Best Movies You’ve Never Seen: GUILTY AS SIN

guilty as sin
Director: Sidney Lumet
Writer: Larry Cohen
Released June 1993

This mystery/thriller stars Rebecca de Mornay as Jennifer Haines, a successful criminal defense attorney who specializes in representing high-profile defendants, including mob bosses. One day she’s approached by David Edgar Greenhill (Don Johnson), a man who has been accused of killing his wealthy older wife, and wants her to defend him. Although she initially refuses, she quickly changes her mind and decides to take him on as a client. David has basically been a womanizing gigolo for most of his life, with his dead wife just being the latest in a long string of women that he has seduced and slept with in exchange for money and material things. He continued this behavior even after getting married, and claims that his wife was despondent when she discovered his infidelity and therefor set him up by committing suicide by jumping out the window to their high-rise apartment and making it look like he killed her (she asked him to open the window earlier that morning so that his fingerprints would be on it, and wrote a letter to her sister saying she was afraid that David was planning to kill her).

At first Jennifer believes in his innocence, despite David’s cocky demeanor. But as she continues investigating the case and the trial begins, Jennifer begins to see another side to David’s personality. He begins acting obsessive towards her, following her around and getting in the way of her relationship with her boyfriend, Phil (who is played by Stephen Lang), with even her colleagues beginning to suspect that she and him are having an affair. Jennifer eventually comes to believe that David did in fact kill his wife, even though it looks like she’s going to win this case and get him off. At this point David has made it clear that he has plans for he and her after he’s a free man, and that he’s not above using deadly force against anyone (including Phil) who gets in their way…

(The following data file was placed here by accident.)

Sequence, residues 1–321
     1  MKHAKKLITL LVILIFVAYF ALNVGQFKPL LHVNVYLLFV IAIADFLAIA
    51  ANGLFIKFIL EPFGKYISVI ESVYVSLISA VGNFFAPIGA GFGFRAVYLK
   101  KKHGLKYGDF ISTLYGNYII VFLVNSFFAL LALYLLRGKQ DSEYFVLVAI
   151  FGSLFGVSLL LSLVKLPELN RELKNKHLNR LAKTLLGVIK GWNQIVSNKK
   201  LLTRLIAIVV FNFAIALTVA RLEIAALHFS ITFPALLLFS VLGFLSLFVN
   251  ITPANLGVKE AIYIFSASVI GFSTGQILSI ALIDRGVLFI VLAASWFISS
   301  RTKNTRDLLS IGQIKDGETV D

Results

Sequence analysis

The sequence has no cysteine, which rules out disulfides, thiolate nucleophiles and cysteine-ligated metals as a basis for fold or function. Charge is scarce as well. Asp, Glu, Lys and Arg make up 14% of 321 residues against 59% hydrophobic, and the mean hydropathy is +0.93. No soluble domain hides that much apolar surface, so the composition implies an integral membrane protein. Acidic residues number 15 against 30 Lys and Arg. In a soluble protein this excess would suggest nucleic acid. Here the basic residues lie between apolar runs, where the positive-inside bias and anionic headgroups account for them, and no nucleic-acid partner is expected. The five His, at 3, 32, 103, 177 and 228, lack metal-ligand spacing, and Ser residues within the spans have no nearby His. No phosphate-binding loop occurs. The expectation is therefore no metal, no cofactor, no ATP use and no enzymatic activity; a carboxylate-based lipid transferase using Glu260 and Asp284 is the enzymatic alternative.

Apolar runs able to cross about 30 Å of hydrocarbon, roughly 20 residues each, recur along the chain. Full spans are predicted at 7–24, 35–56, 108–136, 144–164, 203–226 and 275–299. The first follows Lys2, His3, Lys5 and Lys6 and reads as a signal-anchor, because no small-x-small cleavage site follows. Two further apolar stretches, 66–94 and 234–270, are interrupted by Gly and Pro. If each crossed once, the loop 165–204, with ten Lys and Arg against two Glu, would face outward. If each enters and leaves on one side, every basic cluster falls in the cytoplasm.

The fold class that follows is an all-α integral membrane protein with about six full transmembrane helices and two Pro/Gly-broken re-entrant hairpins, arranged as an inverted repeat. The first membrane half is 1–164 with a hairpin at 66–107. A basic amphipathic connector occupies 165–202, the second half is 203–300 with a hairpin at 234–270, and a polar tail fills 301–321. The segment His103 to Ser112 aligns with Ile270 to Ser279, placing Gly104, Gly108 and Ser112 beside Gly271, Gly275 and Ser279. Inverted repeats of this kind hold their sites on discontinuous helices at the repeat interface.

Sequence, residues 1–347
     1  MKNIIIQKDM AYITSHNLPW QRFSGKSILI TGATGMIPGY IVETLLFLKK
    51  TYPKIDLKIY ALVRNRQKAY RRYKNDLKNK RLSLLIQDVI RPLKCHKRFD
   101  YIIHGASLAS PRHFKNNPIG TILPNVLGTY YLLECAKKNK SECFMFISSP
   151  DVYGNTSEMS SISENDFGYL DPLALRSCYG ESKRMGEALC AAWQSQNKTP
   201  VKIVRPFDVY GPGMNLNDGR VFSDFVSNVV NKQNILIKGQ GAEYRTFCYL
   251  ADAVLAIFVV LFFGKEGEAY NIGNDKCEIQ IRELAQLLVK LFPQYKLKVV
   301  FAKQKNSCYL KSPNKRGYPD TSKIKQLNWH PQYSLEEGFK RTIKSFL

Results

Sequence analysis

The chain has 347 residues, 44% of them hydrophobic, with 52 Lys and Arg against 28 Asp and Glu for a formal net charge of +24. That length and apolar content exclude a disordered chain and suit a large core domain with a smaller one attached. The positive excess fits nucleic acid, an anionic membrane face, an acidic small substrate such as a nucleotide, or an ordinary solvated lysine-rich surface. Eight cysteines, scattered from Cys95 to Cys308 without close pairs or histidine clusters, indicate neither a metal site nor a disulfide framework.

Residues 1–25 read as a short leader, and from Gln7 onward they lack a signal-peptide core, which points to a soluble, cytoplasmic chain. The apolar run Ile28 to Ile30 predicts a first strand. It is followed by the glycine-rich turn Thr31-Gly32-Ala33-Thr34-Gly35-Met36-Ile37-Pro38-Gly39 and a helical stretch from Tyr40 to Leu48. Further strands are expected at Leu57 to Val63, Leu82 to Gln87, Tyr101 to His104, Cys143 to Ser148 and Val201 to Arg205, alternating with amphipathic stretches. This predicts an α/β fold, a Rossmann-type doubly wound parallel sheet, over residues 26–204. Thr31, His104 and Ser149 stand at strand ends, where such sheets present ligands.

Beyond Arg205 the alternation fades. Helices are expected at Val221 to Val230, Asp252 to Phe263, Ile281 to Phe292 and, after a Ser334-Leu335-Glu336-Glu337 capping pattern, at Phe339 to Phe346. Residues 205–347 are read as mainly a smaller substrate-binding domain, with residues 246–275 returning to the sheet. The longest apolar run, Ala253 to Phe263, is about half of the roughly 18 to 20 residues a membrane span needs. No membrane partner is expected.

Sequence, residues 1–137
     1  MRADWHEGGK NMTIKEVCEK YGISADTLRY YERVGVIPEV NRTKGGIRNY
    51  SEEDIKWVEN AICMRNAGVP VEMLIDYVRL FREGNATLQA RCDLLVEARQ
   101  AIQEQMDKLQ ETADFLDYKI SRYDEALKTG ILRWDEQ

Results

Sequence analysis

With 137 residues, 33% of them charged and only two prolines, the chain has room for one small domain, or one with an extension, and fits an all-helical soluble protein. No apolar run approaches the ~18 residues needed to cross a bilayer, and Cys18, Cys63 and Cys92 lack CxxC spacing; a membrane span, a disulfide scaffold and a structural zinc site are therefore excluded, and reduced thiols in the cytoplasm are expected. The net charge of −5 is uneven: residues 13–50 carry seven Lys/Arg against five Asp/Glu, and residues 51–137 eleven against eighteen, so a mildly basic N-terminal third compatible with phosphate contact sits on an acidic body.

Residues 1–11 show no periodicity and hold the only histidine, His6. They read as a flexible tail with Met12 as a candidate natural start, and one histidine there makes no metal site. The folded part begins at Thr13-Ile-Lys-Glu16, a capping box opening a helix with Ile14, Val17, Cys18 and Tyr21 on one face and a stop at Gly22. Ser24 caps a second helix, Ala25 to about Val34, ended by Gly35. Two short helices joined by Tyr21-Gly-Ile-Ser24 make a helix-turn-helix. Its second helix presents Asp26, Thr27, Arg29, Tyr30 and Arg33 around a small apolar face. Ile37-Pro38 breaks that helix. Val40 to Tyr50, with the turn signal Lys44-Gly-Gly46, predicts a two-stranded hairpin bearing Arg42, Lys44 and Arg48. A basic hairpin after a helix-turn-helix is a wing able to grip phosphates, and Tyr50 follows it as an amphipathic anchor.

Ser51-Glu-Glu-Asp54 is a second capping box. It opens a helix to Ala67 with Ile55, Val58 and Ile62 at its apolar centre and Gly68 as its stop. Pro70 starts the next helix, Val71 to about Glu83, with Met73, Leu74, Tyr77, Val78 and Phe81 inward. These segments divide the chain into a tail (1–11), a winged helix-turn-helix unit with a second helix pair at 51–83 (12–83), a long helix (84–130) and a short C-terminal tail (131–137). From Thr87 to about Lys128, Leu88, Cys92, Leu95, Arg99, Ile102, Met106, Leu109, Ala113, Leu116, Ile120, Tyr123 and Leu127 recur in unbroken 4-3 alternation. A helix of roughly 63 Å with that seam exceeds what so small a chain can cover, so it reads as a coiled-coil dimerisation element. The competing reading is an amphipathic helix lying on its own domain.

Don Johnson shines in this role as he alternatively displays charm, wit, arrogance and hints of malevolence, all at the right times. Small scenes like when he walks into Jennifer’s office building and says hi to all of the women in the office, addressing them by name, while ignoring the men, help show how he’s had such success with women. For most of the film we’re left wondering whether he really did kills his wife or not. De Mornay also does well, showing Jennifer’s internal conflicts as she begins to suspect David’s guilt. I’ll also single out the Late Jack Warden who plays an older friend and mentor to Jennifer who helps investigate David’s background on Jennifer’s behalf.

This is an engrossing film that keeps your interest from the beginning to the explosive ending.



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